Sunday, 2 January 2011

LIFE by Keith Richards


He may have been a choirboy but ageing Stones fans know that there’ll always be a moment in a Stones show when they can get that much needed second pee in. Younger ones in the know make a rush for the bar: Keef’s going to sing.
So far as I am concerned the Stones are rock and roll. There is nothing beyond them. Is there anything in popular music dirtier, more low down than Tumbling Dice? Sex and drugs and rock and roll.
This book might have been called that, though perhaps you could substitute ‘Mick’ for ‘sex’ (not that there isn’t plenty of that – Keef doesn’t subscribe to conventional bourgeois notions of sexual monogamy). I enjoyed almost all of it, though I think we might have been spared details about Keef’s dogs or his recipe for bangers and mash. The curious thing, given that it is an autobiography, is that its subject doesn’t come out all that well. Not being able to decide which it is cooler to be, Richards likes to be both victim and victor. This is particularly the case in his dealings with Mick Jagger. One would very much like to hear Jagger’s side of some of these stories. Coming out from years of heroin-dependency Richards seems astonished that Jagger should be reluctant to relinquish control of the band; the reader wants to stop the chattering flow of the book (cleverly done by co-author James Fox) and say, Whoa! Keith? Really?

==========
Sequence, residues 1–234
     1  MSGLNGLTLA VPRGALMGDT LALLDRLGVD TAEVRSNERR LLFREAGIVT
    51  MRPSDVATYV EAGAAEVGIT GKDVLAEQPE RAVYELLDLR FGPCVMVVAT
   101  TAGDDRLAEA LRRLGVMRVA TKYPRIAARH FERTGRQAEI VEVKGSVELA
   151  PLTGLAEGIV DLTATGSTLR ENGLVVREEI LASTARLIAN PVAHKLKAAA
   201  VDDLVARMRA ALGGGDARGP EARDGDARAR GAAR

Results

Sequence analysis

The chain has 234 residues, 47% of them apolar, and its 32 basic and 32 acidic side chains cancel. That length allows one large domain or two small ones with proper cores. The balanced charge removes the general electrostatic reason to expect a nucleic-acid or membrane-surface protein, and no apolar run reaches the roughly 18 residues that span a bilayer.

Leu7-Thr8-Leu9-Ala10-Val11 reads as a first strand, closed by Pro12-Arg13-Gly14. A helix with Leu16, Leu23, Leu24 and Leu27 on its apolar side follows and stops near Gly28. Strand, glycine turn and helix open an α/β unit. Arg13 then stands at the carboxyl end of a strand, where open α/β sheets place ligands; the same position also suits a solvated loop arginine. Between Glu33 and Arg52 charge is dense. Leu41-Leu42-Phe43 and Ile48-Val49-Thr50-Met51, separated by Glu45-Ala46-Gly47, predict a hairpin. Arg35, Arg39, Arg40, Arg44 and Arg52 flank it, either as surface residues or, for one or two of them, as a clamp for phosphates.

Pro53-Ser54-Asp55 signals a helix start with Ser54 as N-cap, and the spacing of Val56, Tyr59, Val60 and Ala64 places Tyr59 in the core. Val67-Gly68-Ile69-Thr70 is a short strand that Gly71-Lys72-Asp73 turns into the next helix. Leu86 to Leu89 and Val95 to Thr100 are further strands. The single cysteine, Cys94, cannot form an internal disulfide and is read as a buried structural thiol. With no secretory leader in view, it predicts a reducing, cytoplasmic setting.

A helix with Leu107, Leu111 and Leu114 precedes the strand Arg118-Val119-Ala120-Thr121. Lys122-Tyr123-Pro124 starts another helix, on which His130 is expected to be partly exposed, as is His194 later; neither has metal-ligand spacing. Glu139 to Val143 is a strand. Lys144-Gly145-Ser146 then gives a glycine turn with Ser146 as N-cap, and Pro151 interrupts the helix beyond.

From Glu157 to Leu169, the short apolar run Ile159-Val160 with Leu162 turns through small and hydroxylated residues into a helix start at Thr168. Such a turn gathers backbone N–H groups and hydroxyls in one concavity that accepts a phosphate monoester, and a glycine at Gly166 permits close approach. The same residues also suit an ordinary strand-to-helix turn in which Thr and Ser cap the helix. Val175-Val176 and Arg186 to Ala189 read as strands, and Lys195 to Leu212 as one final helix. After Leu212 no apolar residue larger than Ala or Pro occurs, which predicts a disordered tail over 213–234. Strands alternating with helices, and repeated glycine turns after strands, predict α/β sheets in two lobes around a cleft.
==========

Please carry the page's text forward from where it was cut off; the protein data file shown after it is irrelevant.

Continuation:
In truth, despite the press stories, most of the references to Jagger are complimentary. Richards knows that Mick’s talents equal his own. Again a curious dichotomy applies: while Richards is generous to, in awe of, honored ny, fellow musicians and heroes, at the same time there is a dictatorial streak that I fancy he rather admires in himself. He is the leader of his local Scout pack (with a jersey festooned with badges); and later in life when underlings fail to do what they are asked, his wrath is immediate and occasionally violent (one DJ is put to the floor and kneeled on when he doesn’t stop playing Stones songs while Keith is in his disco – KR seems to think this completely justified behaviour). In other words, you wouldn’t want to cross him. To cross him you’d have to be Mick Jagger. These are two big egos.
The best bits in the book are the bits about writing, playing and recording the music. Which is as it should be. The difference between Jagger and Richards is that Keith doesn’t think being the Rolling Stones is “an act” and Mick does. Keith thinks its about the music. Of course, they’re both right.

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